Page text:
China already spends more on its military than any country in the world except the US. Now, as defense budgets at the Pentagon and in many NATO countries shrink, China’s People’s Liberation Army (PLA) is gearing up for a surge in new funding, according to a new report.
China will spend US$148 billion on its military this year, up from US$139.2 billion last year, according to IHS Jane’s, a defense industry consulting and analysis company.
The US spends far more — a forecast US$574.9 billion this year — but that is down from US$664.3 billion in 2012 after budget cuts slashed spending.
By next year China will spend more on defense than the UK, Germany and France combined, according to IHS. By 2024, it will spend more than all of Western Europe, it estimates.
The surge in weapons spending by Beijing — military outlays this year are set to be a third higher than in 2009 — has come in tandem with an escalation in tensions with its neighbors over long-standing territorial disputes.
The extra spending has bought some flashy hardware. In 2012 China commissioned its first aircraft carrier — the Liaoning — built from the hull of an uncompleted ship ordered by the Soviet navy in the 1980s. A Chinese-made aircraft with stealth radar-evading capabilities flew on a test flight in 2011 as then-US secretary of defense Robert Gates was in Beijing on an official visit.
However, the PLA has been plagued by corruption scandals that may sap its fighting effectiveness.
Seven decades ago, US General Joseph Stilwell was frustrated by corrupt Chinese Nationalist generals who were often more interested in lining their pockets than fighting the Japanese.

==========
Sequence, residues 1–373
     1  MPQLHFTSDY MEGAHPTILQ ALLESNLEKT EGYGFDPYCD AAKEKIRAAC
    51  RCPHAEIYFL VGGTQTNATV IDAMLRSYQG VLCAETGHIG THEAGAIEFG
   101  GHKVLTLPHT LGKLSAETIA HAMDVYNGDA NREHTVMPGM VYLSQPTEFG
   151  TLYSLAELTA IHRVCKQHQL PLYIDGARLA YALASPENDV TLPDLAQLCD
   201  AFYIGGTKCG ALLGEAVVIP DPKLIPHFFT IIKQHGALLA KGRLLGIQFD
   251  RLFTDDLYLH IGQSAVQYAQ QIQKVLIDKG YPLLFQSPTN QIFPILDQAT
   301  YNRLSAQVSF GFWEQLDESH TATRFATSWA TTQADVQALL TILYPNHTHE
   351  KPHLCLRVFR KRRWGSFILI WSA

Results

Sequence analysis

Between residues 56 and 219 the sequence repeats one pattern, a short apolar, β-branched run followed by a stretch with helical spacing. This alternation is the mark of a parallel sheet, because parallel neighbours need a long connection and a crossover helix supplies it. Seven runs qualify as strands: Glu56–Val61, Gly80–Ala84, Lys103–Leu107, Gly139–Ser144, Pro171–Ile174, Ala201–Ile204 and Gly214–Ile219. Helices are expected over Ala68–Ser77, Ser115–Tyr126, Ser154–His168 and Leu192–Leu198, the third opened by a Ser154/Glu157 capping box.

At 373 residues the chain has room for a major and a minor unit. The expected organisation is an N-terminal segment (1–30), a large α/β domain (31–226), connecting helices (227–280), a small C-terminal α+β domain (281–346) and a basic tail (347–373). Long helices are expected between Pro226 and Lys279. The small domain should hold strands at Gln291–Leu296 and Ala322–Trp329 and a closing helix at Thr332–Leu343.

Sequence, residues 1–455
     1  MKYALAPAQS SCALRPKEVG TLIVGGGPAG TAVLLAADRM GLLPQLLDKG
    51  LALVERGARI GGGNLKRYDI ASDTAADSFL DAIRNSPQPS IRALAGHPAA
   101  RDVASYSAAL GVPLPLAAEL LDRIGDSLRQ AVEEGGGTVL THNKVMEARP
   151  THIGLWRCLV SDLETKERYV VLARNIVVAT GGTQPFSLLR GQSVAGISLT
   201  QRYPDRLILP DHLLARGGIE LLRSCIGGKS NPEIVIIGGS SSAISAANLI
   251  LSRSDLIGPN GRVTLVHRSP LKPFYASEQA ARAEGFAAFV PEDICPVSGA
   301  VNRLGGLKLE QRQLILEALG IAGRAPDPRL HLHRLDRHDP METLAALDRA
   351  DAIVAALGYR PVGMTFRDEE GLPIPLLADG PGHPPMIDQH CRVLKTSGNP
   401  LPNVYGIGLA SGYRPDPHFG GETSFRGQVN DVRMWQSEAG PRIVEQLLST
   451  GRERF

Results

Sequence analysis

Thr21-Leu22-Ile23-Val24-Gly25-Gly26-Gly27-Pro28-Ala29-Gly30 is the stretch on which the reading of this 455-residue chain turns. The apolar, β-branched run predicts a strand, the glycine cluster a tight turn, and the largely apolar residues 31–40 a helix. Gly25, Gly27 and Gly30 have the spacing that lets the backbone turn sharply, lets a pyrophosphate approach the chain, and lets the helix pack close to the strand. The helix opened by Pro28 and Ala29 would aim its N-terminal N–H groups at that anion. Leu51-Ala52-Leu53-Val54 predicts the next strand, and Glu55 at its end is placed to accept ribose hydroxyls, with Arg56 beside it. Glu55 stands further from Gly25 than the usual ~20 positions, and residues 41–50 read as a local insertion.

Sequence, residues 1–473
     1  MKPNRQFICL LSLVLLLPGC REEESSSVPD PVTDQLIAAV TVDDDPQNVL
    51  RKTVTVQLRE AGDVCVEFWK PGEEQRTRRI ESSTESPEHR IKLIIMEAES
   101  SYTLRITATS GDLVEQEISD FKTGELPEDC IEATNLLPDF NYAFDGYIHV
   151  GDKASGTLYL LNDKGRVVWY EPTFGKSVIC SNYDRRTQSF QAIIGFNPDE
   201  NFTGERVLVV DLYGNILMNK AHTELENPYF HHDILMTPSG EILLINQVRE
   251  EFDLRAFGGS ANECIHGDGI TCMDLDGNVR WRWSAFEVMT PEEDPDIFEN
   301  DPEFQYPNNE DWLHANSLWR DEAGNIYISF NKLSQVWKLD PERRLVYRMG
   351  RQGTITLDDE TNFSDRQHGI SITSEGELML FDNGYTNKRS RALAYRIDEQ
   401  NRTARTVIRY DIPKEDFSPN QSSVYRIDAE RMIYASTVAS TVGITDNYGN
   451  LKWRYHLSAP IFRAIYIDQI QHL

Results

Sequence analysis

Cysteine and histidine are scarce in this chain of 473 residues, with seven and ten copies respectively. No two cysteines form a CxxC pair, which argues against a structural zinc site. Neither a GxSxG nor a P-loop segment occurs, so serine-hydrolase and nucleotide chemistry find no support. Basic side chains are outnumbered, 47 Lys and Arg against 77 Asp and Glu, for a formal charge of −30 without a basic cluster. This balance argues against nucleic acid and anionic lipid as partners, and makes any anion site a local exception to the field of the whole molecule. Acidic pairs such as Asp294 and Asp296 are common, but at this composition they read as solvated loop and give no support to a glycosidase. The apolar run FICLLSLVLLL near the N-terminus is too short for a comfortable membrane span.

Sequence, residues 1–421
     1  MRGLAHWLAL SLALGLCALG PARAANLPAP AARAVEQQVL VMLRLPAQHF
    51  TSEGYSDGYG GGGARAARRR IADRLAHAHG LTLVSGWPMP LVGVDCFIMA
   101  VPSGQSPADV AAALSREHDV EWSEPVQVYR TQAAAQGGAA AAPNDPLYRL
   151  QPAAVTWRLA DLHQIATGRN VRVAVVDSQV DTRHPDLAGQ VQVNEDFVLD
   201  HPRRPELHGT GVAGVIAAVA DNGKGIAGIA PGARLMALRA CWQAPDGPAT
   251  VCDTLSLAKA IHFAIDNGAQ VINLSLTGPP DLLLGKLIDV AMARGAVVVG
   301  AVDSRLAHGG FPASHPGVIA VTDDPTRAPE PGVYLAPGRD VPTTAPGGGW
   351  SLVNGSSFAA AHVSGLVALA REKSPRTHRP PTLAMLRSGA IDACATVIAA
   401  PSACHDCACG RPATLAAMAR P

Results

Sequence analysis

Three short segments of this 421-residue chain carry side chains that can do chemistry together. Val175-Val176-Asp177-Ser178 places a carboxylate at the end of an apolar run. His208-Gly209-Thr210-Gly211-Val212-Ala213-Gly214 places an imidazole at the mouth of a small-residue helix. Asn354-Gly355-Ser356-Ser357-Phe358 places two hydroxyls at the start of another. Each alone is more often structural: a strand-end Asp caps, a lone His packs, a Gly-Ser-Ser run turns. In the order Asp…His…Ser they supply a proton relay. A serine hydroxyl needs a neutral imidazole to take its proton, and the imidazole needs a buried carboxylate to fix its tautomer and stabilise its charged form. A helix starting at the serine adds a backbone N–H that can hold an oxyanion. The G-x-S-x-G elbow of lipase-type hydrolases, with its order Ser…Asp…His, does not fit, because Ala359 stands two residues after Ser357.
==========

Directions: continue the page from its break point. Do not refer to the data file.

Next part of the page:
Last month, the Chinese magazine Caixin detailed allegations about the extravagant lifestyle of Chinese Lieutenant General Gu Junshan (谷俊山), a deputy head of the PLA’s General Logistics Department. Among the items confiscated from his villa complex were a gold wash basin and a gold statue of Mao Zedong (毛澤東), Caixin reported.
One military analyst, Ian Easton of the Project 2049 Institute in Arlington, Virginia, believes that China’s military is far less capable than its large military budget would suggest.
Last month he wrote that the PLA probably would not be able to effectively attack Taiwan.
In addition, Chinese troops lack real combat experience and some of the PLA’s marquee projects, including the aircraft carrier, are plagued by technical problems.
Chinese pilots are using the Liaoning — its overhaul easy to monitor over the years from the fire escape at an Ikea furniture store in the port of Dalian — as a training platform to learn aircraft carrier operations.
The US Navy currently has 10 active nuclear-powered carriers, all larger than the Liaoning.
China is set to release its military spending for last year and its forecast for this year at the annual session of the National People’s Congress next month in Beijing.
The IHS figures may differ from official figures because they take into account items, including research and development spending and pension costs, that may not be reflected in China’s own estimates.